From a very young age, Shane McMahon seemed destined to follow in his father’s footsteps, and run WWE. This made it all the more shocking when in 2009, Shane decided to walk away from the company. Shane recently sat down with Corey Graves on the WWE After the Bell Podcast, and explained why he decided to leave WWE.
“Very difficult. It’s one of those things where you have, you can call it, ‘the cocoon’ if you will for your whole life. Again, having the most unbelievable education, [as] you were talking about earlier, sitting next to great minds such as Pat Patterson, guys like Michael Hayes etc. Having so many business people come through there for marketing and promotion and what have you and business development, consumer products you learn so much from everybody that’s come through those doors. I have, again, had such a fortunate education in multiple facets.”
“So it’s like I’ve had 15 different jobs over the tenure of my career, and you learn so much, whether I was working inside the company having to be all under one umbrella. So taking that knowledge, wanted to go outside for a little while. Also, it was very important for me and one of the one of the bigger driving factors was, I have three boys and make sure that I was in their life a little bit. I wanted more time with them, and my leave allowed me to invest time, which is the most valuable commodity as you’re aware. Everything is so demanding, your time is so demanding. So I was I was able to coach all my son’s peewee football, until they got to high school.“
“Thoroughly being in their lives, just being around a whole lot. Seeing a lot of them was one of the driving forces for me doing so as well as immersing myself into businesses that I wanted to do and testing myself. How would I fair outside ‘the cocoon’ and do something completely different, you know, take those skill sets and get involved with multiple multiple businesses. Do some investing. Do some things like that that I’ve always had the affinity to do and go for it.”
McMahon didn’t stay away from the ring forever, however, because he chose to return at Wrestlemania 32 (in 2016) to face the Undertaker at Hell in a Cell.
“Taker need an opponent for WrestleMania and needed to be special, and there was talks even back then. In Texas, where Undertaker’s from [and] WrestleMania, that magnitude of a hundred thousand people that set the indoor attendance record, that was going to be an awesome way out. I really thought it may be, again, a one and done. So I got the call from Taker saying, ‘hey, would you ever consider this? I was like, ‘huh, well, let me think about it.’ About 10 minutes later, I get a call from my dad. He’s like, ‘Well, congratulations. This is what we’re doing. What do you think?’ I was like, it doesn’t sound like I’m thinking much. In typical Vince fashion, he’s like, ‘We want you to think about this.’ I was like alright and then really started coming up with the creative.”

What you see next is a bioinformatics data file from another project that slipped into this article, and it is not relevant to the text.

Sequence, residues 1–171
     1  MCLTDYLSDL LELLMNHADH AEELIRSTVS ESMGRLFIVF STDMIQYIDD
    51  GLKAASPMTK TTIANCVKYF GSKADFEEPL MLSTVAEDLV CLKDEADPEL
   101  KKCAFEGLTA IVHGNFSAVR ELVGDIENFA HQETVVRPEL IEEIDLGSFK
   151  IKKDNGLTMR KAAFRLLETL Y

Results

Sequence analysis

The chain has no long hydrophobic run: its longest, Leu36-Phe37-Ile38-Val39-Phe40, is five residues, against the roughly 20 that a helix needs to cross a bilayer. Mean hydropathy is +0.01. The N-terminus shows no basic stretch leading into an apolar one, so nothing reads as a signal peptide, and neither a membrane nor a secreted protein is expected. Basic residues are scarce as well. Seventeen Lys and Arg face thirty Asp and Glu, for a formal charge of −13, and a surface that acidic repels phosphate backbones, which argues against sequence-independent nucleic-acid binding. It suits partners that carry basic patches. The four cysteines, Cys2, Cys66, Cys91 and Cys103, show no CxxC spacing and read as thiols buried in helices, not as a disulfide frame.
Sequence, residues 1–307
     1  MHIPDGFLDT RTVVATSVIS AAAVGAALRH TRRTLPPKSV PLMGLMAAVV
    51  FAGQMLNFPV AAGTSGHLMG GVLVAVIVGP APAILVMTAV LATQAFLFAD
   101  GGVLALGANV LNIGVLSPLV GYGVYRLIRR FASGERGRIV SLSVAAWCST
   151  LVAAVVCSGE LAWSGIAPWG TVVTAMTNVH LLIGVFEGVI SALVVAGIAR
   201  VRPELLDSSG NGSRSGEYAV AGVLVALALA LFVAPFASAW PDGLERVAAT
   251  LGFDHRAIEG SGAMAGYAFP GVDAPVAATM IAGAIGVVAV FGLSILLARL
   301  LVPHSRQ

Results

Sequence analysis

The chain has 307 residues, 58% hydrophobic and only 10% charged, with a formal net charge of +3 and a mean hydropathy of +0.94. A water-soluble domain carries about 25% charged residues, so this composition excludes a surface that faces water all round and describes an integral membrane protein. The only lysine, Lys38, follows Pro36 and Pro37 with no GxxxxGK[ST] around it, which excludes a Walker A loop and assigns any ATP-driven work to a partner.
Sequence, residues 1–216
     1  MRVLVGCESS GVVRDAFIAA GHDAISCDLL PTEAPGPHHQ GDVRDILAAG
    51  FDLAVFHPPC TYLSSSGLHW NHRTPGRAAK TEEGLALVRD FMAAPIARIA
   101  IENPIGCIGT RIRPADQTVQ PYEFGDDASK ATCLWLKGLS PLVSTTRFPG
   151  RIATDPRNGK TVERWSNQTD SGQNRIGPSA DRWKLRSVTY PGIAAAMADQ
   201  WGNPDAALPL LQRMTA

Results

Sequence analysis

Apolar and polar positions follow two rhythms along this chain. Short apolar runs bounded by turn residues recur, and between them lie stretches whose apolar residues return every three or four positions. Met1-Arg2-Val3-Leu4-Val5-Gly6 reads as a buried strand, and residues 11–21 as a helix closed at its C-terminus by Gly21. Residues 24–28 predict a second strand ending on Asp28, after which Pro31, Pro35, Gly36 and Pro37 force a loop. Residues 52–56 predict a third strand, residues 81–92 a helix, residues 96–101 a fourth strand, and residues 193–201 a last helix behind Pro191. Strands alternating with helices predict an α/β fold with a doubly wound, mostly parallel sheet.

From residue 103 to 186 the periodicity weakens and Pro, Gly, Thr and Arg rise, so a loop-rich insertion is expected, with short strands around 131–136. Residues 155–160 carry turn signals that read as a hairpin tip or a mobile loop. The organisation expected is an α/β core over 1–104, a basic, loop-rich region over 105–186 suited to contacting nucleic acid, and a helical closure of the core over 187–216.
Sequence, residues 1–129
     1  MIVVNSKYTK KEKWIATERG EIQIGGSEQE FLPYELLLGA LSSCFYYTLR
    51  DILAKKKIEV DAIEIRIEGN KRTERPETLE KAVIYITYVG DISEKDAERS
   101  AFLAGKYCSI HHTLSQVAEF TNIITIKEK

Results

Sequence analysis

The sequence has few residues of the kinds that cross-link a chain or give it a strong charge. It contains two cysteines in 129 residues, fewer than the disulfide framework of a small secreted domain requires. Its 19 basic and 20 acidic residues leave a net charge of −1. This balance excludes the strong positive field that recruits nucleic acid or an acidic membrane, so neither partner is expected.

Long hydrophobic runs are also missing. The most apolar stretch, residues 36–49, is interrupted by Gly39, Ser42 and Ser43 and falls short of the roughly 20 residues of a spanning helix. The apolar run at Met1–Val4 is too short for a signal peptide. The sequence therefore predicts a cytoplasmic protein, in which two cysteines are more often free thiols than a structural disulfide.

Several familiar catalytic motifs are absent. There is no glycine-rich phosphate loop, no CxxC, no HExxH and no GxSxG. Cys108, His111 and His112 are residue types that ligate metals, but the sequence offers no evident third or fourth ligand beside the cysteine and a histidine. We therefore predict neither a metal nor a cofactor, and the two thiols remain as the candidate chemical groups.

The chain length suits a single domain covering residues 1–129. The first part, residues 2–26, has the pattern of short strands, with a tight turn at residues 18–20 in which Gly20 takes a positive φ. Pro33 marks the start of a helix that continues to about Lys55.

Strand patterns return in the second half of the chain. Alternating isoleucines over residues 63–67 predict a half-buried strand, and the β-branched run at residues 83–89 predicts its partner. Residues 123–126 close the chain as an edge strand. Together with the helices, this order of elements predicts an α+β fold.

“I said well, if it’s gonna be what I think it’s going to be, than can we do Hell in a Cell? Can we do this and we have to make sure the storyline more than anything is right. Otherwise, it’s just a mash, so why are you emotionally, this is one thing, again going back to what I’ve learned throughout the years, in any match I’ve ever ever done, I’ve always had some crazy stuff that happens from time to time, but it’s really the emotional story of why. What got us there and what you do telling the physical story once you’re in the match”
“So I kind of really came out of the business for my boys, my kids, and it’s also the reason I really came back. I always had a longing for it. It’s in my blood, literally, and my boys, this goes back to WrestleMania 32 with Undertaker in Hell in a Cell, my boys have been saying to me prior to that for a couple years like, ‘Hey dad, you ever think about getting back in there?’ Because my sons never saw me live and they really saw me via DVD or YouTube or things like that.”
“If you can be a real life superhero for your kids, that’s a pretty powerful thing, and that was the opportunity that was given to me, to return on the biggest stage of them all at WrestleMania against arguably the most iconic and singular talent ever created, Mark Calaway, The Undertaker, who’s also my longest-running friend in the business. Hell in a Cell, I mean, to main event WrestleMania or at least be a special attraction on it, that was really tough to pass up.”
After losing a Loser Leaves WWE Ladder Match to Kevin Owens on Smackdown last October, Shane just recently returned to WWE as the man behind Raw Underground.
“We are trying different things. It’s a work in progress with the different format and changing things up of what’s been going on, especially in the third hour. It’s a way to showcase new talent and get people more exposure. It’s a faster pace and a little more intense. People seem to like it.”
Shane has yet to compete in the ring since returning, but is not ruling it out for the future.
“Never say never. I’ll say that. It’s not about me right now. It’s about developing new talent or talent that is here and giving them a platform. If I can help out and have a good showcase with an up-and-coming talent, I’d love to be able to do that, or an existing one (talent) or what-have-you. It just needs to be, again, follow a good story and an emotional story then how would you pull it off physically. I still got a few left in me.”
Matt’s Musings: Great to see Shane McMahon back in WWE where he belongs. Personally however, I hope his days of jumping off high things is in the past.
.@WWE is an amazing business to grow up in and be a part of. Performing against some of the greatest talent ever and for the fans worldwide has been an honor and a pleasure. Thanks @WWEGraves for the chat. @AfterTheBellWWE https://t.co/LCMnC1hRbK pic.twitter.com/lBF8iuBva5
— Shane McMahon (@shanemcmahon) September 17, 2020